By Bill Millican, Xact Data Discovery
Managing discovery can be a tricky business. Some companies get into trouble because they understand so little about it that they simply do not know where to begin. Others think they understand everything there is to know and attempt to manage it all themselves.
Understanding the data you have and where it resides is important for any company, but it is also important to know when to call in the experts. There is a scientific approach to collecting data for discovery, and the courts know this, which is why they prefer you do not attempt collection on your own.
The Sedona Conference® (TSC), founded in 1997 by Richard G. Braman, consists of an experienced team of litigating attorneys. The group gathers regularly in Sedona, Ariz. and other venues to continue its work on the growing issues and difficulties of discovering and producing organizational data stored electronically.
In 2003, TSC published its first “Observations,” and then its first “draft” principles, which eventually led to The Sedona Guidelines and Principles. The Principles were followed by—and to some extent, inspired—amended Federal Rule of Civil Procedure 26, which has in turn generated a bevy of new and relevant court mandates that assist and direct attorneys as they go about the discovery process in preparation for trial.
While it's tempting to add “the rest is history,” that would be grossly inaccurate: these guidelines did not close the book on discovery struggles.
In fact, the struggles persist as data continually expands with the ongoing development of technology, and the growth rate is alarming. There are predictions that data will grow by 19 times by the year 2020; and as businesses deal more regularly in virtual settings, the task of keeping up with and effectively managing organizational data will become increasingly daunting as the data abyss deepens and darkens.
These challenges were exemplified in a search on a recent electronic discovery project that produced approximately 29,000,000 hits. The task was to determine which ones were most relevant to the company and for this particular eDiscovery initiative.
Deciding which of the roughly 29,000,000 hits should be reviewed was absurdly difficult and possibly futile; and yet, organizations often attempt comparable feats. The outcome of making poor selections can be devastating.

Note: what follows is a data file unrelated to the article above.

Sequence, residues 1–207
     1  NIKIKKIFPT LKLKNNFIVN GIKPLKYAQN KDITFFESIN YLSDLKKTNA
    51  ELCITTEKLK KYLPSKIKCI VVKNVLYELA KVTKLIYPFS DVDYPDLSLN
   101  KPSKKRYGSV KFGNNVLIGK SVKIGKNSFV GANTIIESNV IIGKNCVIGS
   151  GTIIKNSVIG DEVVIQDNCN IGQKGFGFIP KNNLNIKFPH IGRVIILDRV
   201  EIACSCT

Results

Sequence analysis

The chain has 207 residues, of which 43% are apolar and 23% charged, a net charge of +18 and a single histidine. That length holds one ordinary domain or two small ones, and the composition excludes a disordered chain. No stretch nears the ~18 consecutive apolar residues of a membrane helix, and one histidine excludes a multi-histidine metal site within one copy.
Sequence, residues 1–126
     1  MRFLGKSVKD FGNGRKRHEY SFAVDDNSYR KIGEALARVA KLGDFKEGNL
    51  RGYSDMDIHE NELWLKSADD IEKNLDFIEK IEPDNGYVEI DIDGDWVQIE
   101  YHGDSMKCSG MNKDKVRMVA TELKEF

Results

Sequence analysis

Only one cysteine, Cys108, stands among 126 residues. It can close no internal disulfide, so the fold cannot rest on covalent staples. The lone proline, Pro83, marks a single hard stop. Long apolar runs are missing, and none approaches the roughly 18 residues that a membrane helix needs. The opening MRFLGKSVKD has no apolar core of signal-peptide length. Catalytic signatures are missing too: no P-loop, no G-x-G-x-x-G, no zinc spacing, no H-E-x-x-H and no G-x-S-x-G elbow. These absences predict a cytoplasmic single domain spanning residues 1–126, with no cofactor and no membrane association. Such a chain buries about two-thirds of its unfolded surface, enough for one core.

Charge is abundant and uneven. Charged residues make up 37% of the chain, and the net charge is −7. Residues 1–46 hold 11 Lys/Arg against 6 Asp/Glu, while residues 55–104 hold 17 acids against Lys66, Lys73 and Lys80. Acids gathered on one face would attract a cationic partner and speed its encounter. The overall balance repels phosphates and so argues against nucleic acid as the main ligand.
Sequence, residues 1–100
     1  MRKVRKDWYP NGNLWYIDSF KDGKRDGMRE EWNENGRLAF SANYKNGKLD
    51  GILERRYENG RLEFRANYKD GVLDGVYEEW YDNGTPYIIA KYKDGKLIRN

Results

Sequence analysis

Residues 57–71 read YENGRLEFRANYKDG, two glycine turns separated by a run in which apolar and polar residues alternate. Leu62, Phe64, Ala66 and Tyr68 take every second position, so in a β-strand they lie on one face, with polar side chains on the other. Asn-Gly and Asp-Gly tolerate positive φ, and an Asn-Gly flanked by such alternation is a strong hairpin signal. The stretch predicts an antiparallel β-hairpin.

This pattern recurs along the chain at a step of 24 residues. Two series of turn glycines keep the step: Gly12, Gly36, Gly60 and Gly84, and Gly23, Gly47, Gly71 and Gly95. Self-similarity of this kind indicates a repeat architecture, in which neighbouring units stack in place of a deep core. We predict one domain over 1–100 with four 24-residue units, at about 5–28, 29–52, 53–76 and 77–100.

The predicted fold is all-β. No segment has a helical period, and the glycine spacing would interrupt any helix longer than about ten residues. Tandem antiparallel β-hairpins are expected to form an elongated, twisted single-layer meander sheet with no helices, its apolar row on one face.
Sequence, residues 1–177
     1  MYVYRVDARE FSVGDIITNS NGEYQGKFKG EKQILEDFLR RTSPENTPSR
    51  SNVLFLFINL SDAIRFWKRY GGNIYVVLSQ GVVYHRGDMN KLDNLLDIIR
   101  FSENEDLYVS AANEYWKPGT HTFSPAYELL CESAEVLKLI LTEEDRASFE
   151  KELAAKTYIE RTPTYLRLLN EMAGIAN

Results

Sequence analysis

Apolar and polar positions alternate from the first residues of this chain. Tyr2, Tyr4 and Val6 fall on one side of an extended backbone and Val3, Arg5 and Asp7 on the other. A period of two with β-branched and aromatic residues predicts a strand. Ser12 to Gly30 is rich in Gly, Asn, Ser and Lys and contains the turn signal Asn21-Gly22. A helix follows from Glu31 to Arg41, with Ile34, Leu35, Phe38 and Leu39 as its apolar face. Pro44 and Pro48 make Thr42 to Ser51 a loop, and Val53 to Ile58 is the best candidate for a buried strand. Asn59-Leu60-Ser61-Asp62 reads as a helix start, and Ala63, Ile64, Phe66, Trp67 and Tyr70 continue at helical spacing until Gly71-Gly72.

Committing to a strategy for electronic data management is not for the faint of heart; the choice is fraught with risk. Organizations are guided by a desire to do what is best for their clients or customers, to do what the courts may require, or simply to do what is right.
The most difficult challenge facing records and information managers and their colleagues regarding eDiscovery is that this task is only going to get more difficult with the explosion of electronically stored information (ESI).
The courts have become incredibly savvy about the issues surrounding eDiscovery. They understand how difficult it is, but they are also aware of the advanced tools and expertise available to the parties that appear before them.
The courts expect organizations that lack the expertise to conduct reasonable eDiscovery on their own to identify and engage these experts and use these tools. There is no excuse not to enlist those who have spent years building specialized expertise in negotiating the hidden pitfalls that lurk within the dark data abyss.
Organizations resist adopting appropriate eDiscovery processes because of lingering perceptions that:
The courts have heard the excuses. Registering them will not alter a court's position in any meaningful way.
If organizations are willing to create, receive, or in some other fashion accumulate and amass data, then it is critical that they have a strategy for properly and ethically managing that data.